In recent years, Massive Open Online Courses (MOOCs) have become a phenomenon offering the possibility to teach thousands of participants simultaneously. In the same time the platforms used to deliver these courses are still in their fledgling stages. While course content and didactics of those massive courses are the primary key factors for the success of courses, still an smart platform may increase or decrease the learners experience and his learning outcome. This paper at hand proposes the usage of an A/B testing framework that is able to be used within an microservice architecture to validate hypotheses about how learners use the platform and to enable data-driven decisions about new features and settings. To evaluate this framework three new features (Onboarding Tour, Reminder Mails and a Pinboard Digest) have been identified based on a user survey. They have been implemented and introduced on two large MOOC platforms and their influence on the learners behavior have been measured. Finally this paper proposes a data driven decision workflow for the introduction of new features and settings on e-learning platforms.
We study how the use of online learning systems stimulates cognitive activities, by conducting an experiment with the use of eye tracking technology to monitor eye fixations of 60 final year students engaging in online interactive tutorials at the start of their Final Year Project module. Our findings show that the students' learning behaviours fall into three different types of eye fixation patterns, and the data corresponding to the different types of learners relates to the performance of the students in other related academic modules. We conclude that this method of studying eye fixation patterns can identify different types of learners with respect to their cognitive capability and academic potential, and also allow educators to understand how their instructional design and online learning environment can stimulate higher-order cognitive activities.
Statway is one of the Community College Pathways initiatives designed to promote students' success in their developmental math sequence and reduce the time required to earn college credit. A recent causal analysis confirmed that Statway dramatically increased students' success rates in half the time across two different cohorts. These impressive results also obtain results across the gender and race/ethnicity groups. However, there is still room for improvement. Students who did not succeed overall in Statway often did not complete the first of the two-course sequence. Therefore, the objective of this study is to formulate a series of indicators from self-report and online learning system data, alerting instructors to students' progress during the first weeks of the first course in the Statway sequence.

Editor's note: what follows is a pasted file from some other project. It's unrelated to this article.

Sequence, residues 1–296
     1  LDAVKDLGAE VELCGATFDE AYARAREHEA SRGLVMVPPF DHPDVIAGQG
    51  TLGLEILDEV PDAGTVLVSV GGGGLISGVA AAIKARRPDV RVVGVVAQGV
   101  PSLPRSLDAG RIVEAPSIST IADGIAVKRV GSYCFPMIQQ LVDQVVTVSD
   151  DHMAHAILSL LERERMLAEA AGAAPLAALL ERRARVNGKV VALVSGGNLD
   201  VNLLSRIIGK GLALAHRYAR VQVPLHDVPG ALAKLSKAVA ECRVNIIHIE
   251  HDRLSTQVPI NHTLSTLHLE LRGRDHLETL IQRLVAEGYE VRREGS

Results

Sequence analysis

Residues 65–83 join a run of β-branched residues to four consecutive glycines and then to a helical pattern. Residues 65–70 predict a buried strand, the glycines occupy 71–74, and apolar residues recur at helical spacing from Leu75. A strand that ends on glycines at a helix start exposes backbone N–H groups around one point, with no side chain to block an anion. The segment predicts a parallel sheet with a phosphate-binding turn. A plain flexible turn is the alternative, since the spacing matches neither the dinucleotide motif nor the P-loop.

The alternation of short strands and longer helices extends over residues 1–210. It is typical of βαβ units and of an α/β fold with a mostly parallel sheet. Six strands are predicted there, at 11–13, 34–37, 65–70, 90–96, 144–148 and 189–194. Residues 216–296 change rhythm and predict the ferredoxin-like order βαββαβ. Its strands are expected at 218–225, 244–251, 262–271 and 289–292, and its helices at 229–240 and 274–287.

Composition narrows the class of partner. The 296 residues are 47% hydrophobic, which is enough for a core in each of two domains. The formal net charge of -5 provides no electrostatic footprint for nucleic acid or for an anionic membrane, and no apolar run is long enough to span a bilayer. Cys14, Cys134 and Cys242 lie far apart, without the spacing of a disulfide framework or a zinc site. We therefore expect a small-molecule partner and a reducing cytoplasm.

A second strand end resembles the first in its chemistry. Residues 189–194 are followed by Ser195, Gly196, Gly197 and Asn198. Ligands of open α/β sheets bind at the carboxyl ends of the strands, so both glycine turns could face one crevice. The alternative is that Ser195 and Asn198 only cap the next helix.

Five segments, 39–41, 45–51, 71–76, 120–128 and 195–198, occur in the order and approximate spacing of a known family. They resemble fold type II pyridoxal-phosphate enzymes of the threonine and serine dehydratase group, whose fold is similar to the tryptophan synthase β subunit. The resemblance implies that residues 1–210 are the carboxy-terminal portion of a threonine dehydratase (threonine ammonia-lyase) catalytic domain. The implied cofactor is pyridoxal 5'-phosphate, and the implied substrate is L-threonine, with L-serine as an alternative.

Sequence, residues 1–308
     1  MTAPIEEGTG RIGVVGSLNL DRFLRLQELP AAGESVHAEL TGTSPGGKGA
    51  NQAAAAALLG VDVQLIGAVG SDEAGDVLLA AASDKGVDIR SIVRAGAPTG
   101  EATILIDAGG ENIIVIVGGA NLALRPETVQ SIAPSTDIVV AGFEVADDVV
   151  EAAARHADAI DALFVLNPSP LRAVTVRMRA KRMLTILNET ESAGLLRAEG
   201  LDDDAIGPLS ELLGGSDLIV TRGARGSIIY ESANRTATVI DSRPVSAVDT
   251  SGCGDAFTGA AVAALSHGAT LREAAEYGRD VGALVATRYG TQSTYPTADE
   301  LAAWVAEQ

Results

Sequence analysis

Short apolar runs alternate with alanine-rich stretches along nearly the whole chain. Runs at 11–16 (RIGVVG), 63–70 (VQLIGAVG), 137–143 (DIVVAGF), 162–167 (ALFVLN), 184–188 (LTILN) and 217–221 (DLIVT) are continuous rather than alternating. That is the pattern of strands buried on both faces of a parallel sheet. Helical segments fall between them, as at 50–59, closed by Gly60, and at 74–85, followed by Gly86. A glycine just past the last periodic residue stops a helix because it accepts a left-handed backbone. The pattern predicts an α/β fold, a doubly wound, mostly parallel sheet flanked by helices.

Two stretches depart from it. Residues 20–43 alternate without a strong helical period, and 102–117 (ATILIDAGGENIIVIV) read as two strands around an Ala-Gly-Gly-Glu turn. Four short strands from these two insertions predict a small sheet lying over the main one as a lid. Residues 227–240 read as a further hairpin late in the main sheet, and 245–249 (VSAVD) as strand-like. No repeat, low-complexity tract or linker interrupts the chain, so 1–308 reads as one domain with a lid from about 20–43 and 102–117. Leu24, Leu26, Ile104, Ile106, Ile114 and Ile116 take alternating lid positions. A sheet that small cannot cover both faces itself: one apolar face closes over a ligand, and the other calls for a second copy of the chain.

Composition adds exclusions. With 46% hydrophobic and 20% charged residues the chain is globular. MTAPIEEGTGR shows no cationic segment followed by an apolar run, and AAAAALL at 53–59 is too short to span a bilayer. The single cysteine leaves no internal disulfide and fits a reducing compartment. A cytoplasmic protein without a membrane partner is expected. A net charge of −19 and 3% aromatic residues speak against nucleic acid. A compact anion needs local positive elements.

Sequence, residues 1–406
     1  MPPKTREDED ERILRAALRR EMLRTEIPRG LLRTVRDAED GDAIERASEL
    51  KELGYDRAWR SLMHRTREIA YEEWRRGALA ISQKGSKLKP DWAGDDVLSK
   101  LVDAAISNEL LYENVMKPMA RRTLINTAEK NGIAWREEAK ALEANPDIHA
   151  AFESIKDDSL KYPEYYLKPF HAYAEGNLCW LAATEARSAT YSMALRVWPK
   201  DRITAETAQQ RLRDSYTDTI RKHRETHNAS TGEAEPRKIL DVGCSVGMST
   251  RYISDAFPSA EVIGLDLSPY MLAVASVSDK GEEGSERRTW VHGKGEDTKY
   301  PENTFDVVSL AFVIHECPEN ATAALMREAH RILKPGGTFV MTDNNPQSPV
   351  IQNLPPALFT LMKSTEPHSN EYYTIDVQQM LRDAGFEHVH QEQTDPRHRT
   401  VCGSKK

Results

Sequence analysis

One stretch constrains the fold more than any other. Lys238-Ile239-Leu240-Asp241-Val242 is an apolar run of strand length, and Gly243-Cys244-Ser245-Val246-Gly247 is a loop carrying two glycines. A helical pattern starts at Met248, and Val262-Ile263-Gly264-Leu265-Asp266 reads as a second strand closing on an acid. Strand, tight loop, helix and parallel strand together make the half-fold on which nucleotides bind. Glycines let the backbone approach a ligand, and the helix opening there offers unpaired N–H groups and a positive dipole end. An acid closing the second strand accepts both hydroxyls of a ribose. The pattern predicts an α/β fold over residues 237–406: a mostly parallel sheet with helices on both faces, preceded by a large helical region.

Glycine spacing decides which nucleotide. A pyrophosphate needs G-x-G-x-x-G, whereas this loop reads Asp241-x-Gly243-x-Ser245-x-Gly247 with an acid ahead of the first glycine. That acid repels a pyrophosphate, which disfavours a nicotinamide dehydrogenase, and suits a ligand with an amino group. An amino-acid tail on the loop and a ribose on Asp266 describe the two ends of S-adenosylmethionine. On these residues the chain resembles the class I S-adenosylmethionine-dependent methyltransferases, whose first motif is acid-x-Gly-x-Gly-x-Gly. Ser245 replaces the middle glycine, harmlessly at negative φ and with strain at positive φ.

Student mistakes are often not random but, rather, reflect thoughtful yet incorrect strategies. In order for educational technologies to make full use of students' performance data to estimate the knowledge of a student, it is important to model not only the conceptions but also the misconceptions that a student's particular pattern of successes and errors may indicate. The student models that drive the 'outer loop' of Intelligent Tutoring Systems typically only track positive skills and conceptions, not misconceptions. Here, we present a method of representing misconceptions in the kinds of Knowledge Component models, or Q-Matrices, that are used by student models to estimate latent knowledge. We show, in a case study on a fraction arithmetic dataset, that incorporating a misconception into the Knowledge Component model dramatically improves model fit. We also derive qualitative insights from comparing predicted learning curves across models that incorporate varying misconception-related parameters. Finally, we show that the inclusion of a misconception in a Knowledge Component model can yield individual student estimates of misconception strength. These estimates are significantly correlated with out-of-tutor individual measures of student errors indicative of the misconception.
With the aim of better scaffolding discussion to improve learning in a MOOC context, this work investigates what kinds of discussion behaviors contribute to learning. We explored whether engaging in higher-order thinking behaviors results in more learning than paying general or focused attention to course materials. In order to evaluate whether to attribute the effect to engagement in the associated behaviors versus persistent characteristics of the students, we adopted two approaches. First, we used propensity score matching to pair students who exhibit a similar level of involvement in other course activities. Second, we explored individual variation in engagement in higher-order thinking behaviors across weeks. The results of both analyses support the attribution of the effect to the behavioral interpretation. A further analysis using LDA applied to course materials suggests that more social oriented topics triggered richer discussion than more biopsychology oriented topics.
The 'doer effect' is an association between the number of online interactive practice activities students' do and their learning outcomes that is not only statistically reliable but has much higher positive effects than other learning resources, such as watching videos or reading text. Such an association suggests a causal interpretation--more doing yields better learning--which requires randomized experimentation to most rigorously confirm. But such experiments are expensive, and any single experiment in a particular course context does not provide rigorous evidence that the causal link will generalize to other course content. We suggest that analytics of increasingly available online learning data sets can complement experimental efforts by facilitating more widespread evaluation of the generalizability of claims about what learning methods produce better student learning outcomes. We illustrate with analytics that narrow in on a causal interpretation of the doer effect by showing that doing within a course unit predicts learning of that unit content more than doing in units before or after. We also provide generalizability evidence across four different courses involving over 12,500 students that the learning effect of doing is about six times greater than that of reading.